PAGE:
Succession Management Shortcomings

Succession Management Shortcomings

Charles Goretsky Charles Goretsky
15 minute read

Succession management is a crucial planning capability that is designed to drive strategic and results sustainability for an organization over time and across leaders and leadership teams. While it involves a well-defined set of processes (e.g., talent reviews) and tools (e.g., nine-box matrix), stories abound of companies where a new CEO or heralded C-suite new hire flames out and is replaced after an initial 12-to-24-month tenure. Are these due to succession management shortcomings that can be foreseen and overcome?   

In fact, the research and stories abound with data supporting this notion. In two separate studies reported in Harvard Business Review researchers found in 2017 that within the first 18 months, there’s a 50% chance a new executive will leave the organization, and in 2018, that 60% of executives fail within the first 18 months of being promoted or hired. Further data showed that at least 30 percent of newly hired executives failed in their first 18 months. The National Association of Corporate Directors (NACD) reported that the average tenure of CEOs has dropped significantly from 8.5 years to 3.7 years in the 13-year period ending in 2020.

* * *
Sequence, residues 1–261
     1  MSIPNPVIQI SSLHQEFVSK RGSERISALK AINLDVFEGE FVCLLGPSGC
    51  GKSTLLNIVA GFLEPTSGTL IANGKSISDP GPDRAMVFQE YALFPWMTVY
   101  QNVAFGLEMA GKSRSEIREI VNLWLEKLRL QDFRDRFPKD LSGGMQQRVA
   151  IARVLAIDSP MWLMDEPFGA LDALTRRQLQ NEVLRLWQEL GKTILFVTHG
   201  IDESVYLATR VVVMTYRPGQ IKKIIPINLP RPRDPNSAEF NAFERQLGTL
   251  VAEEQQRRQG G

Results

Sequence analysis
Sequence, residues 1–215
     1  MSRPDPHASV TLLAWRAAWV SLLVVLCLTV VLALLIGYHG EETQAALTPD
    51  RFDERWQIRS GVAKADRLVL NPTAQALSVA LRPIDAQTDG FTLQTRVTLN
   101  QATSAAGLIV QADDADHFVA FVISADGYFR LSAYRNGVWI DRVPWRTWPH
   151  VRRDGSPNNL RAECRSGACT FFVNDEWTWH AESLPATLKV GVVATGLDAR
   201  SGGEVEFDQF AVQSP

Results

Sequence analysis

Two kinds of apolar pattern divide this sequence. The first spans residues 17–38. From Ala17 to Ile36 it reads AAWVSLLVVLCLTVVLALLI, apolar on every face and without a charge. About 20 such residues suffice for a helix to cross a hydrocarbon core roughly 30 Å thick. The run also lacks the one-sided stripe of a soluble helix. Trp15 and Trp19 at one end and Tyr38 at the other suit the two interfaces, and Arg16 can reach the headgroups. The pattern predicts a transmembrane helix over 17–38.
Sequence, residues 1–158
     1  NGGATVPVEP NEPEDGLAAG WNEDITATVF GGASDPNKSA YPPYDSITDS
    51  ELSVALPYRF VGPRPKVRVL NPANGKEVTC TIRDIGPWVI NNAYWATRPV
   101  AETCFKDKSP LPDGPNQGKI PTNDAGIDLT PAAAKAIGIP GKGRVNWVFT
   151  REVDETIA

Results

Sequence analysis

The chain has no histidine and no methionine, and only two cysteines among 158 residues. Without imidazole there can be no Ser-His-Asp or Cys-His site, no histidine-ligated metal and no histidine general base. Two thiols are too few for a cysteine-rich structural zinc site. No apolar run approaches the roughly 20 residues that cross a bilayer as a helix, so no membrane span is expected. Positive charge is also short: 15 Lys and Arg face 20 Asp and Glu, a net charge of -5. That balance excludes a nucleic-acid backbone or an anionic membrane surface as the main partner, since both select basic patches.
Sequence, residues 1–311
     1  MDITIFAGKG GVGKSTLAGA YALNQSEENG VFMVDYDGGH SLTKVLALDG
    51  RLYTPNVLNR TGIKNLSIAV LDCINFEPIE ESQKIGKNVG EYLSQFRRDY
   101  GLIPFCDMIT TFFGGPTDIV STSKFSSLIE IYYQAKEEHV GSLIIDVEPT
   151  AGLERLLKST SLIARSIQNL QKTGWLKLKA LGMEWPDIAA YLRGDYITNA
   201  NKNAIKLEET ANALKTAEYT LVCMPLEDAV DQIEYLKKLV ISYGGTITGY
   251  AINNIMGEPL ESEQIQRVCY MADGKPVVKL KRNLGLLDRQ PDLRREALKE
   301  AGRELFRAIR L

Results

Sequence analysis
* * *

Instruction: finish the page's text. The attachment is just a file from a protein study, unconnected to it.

So why all the negative data? Are the succession management shortcomings due to a perceived lack of criticality or relevance to the strategic management of a company? Apparently not, as 86% of leaders believe that succession planning holds the highest importance relative to strategic value (although only 14% think their organization does it well). 

A primary issue is the shocking commonality of a lack of succession processes. The Association for Talent Development (ATD) reported that only 35% of organizations have a formalized succession planning process. And SHRM found that 56% of companies reported that their organization didn’t have a succession plan in place. Of those who said they did, only 21% had a formal plan, while another 24% said their organization had an “informal” plan.